1271 {\@tempswafalse\@citex[]}%      %  GERRY FIX FOR BABEL 3/20/2009
     1276{\@tempswafalse\@citex[]}%  %  GERRY FIX FOR BABEL 3/20/2009
    12721277}
    12731278
     
    12781283            \@citea
    12791284% original            \def\@citea{#1 }%
    1280             \def\@citea{#1, }%  % GERRY FIX FOR BABEL 3/20/2009 -- SO THAT YOU GET [1, 2] IN THE BODY TEXT
     1285            \def\@citea{#1, }%  % GERRY FIX FOR BABEL 3/20/2009 -- SO THAT YOU GET [1, 2] IN THE BODY TEXT
    12811286            \edef\@citeb{\expandafter\@iden\@citeb}%
    12821287            \if@filesw
     
    13021307\setcounter{enumi}{1}
    13031308\bibindent=0em
    1304 \def\thebibliography#1{% 
     1309\def\thebibliography#1{%
    13051310\ifnum\addauflag=0\addauthorsection\global\addauflag=1\fi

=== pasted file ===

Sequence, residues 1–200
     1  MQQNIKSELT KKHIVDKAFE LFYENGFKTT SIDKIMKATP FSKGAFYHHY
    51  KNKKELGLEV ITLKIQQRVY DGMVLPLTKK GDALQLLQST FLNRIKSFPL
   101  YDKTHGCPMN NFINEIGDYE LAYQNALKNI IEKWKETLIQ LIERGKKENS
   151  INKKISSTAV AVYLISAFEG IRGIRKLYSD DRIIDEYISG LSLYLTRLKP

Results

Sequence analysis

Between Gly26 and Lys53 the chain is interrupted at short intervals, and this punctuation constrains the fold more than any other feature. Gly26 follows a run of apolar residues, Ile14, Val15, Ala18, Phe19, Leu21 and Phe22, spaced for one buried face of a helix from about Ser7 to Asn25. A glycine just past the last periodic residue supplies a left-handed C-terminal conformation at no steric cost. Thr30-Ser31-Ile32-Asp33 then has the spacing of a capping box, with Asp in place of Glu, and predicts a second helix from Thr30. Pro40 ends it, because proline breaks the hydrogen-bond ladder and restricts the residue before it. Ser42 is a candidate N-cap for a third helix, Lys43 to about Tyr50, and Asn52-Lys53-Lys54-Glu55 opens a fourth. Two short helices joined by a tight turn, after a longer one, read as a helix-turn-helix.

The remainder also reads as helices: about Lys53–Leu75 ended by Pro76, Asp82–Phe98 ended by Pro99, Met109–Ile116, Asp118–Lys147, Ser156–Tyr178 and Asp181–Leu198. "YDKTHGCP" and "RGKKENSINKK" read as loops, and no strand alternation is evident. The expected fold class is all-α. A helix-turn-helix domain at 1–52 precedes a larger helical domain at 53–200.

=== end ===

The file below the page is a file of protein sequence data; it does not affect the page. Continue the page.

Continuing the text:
13061311     \section[References]{%    <=== OPTIONAL ARGUMENT ADDED HERE
    13071312        {References} % was uppercased but this affects pdf bookmarks (SP/GM October 2004)
    1308           {\vskip -9pt plus 1pt} % GM Nov. 2006 / GM July 2000 (for somewhat tighter spacing) 
     1313          {\vskip -9pt plus 1pt} % GM Nov. 2006 / GM July 2000 (for somewhat tighter spacing)
    13091314         \@mkboth{{\refname}}{{\refname}}%
    13101315     }%
     
    13351340\global\colcntr=0
    13361341%\newbox\savebox
    1337 \newbox\saveb@x                         % January 2008
     1342\newbox\saveb@x             % January 2008
    13381343
    13391344\gdef \@makecol {%
     
    14241429\newtoks\boilerplate
    14251430\global\acmcopyr={X-XXXXX-XX-X/XX/XX}  % Default - 5/11/2001 *** Gerry
    1426 \global\copyrtyr={20XX}                % Default - 3/3/2003 *** Gerry
     1431\global\copyrtyr={200X}                % Default - 3/3/2003 *** Gerry
    14271432\def\CopyrightYear#1{\global\copyrtyr{#1}}
    14281433\def\crdata#1{\global\acmcopyr{#1}}